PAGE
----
faisal-mosque-faisalAllama Iqbal conceptualized Ijtihad, research, as the dynamic principle of Islamic tradition. Consequently, when he proposed a separate homeland for the Muslims of the Sub-continent in 1930, he also established an institute for research on Islam, in Lahore.
The need and relevance of research was felt more intensely after the establishment of Pakistan in 1947. This was understandable since the basic idea underlying the demand for a separate Muslim state was that the Muslims had a distinct world-view and new Muslim state had to be creatively developed primarily out of the Muslim intellectual resources. The need to know and explain Islam in depth and work out its implications for human thought and action in the present-day world was, therefore, self-evident.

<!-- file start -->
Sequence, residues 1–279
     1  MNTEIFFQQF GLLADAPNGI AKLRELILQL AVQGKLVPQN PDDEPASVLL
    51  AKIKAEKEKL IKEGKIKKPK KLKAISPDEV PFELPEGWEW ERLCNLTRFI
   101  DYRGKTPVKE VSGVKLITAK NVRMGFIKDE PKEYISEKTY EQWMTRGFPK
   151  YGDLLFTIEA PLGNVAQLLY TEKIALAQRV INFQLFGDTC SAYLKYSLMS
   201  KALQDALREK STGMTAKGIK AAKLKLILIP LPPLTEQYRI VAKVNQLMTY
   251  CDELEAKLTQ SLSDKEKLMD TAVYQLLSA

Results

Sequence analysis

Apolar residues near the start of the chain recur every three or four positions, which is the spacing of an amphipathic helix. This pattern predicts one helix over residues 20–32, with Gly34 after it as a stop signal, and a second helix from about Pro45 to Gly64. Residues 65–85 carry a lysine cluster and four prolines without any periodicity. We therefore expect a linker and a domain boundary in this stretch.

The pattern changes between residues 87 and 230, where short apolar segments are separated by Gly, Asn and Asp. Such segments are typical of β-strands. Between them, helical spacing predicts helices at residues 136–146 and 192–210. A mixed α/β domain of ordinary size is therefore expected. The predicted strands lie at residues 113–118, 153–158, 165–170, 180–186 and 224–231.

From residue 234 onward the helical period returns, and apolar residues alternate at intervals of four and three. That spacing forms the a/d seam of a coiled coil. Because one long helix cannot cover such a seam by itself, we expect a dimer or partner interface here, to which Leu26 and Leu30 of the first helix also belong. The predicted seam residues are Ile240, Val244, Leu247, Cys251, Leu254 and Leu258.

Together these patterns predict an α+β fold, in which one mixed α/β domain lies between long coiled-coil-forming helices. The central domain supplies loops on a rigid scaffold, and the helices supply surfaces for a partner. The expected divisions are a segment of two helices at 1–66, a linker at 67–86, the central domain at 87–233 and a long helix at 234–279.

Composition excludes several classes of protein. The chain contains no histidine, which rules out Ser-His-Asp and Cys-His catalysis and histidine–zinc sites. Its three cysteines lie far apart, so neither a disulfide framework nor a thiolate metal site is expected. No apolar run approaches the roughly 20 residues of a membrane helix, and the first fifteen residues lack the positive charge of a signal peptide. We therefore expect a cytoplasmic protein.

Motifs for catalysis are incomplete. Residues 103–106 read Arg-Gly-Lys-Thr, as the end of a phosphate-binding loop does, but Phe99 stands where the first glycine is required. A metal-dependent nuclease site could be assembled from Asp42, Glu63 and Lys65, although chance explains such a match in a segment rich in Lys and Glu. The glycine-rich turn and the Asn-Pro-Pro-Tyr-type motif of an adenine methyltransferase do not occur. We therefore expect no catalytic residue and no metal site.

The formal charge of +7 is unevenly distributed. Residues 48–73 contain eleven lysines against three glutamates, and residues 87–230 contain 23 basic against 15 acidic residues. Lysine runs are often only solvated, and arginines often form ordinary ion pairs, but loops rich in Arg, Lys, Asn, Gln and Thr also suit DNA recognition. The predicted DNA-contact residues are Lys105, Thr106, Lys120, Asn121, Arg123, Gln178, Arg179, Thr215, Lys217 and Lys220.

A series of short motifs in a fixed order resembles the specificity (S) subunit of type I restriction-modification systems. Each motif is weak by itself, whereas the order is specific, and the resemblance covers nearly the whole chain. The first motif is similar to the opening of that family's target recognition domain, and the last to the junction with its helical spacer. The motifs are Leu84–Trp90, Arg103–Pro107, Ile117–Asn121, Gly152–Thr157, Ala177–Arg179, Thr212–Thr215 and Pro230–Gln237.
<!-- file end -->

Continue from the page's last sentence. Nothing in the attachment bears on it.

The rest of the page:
For a proper reconstruction of Muslim society it was considered imperative that Islamic scholarship should engage itself in serious study and research in the fields of Qur’anic Sciences, Hadith, Islamic Law and Jurisprudence, History, Culture, Philosophy, Tasawwuf and various other Islamic subjects. It was important not only to review their development in the past but also to draw a blueprint for the future development of Muslim thought so as to be able to meet the requirements of a dynamic Muslim society. Objectives of Islamic Research Institute sum up the vision of the reconstruction of Muslim Society.
Established in 1960, the Islamic Research Institute worked under the administrative control of various ministries in the Government of Pakistan (See Notifications 1960, 1965, 1979) until 1980 when it was made part of the Islamic University, Islamabad, as its research arm. Subsequently in 1985 when that University was transformed into International Islamic University, Islamabad, the Institute became a part of that body.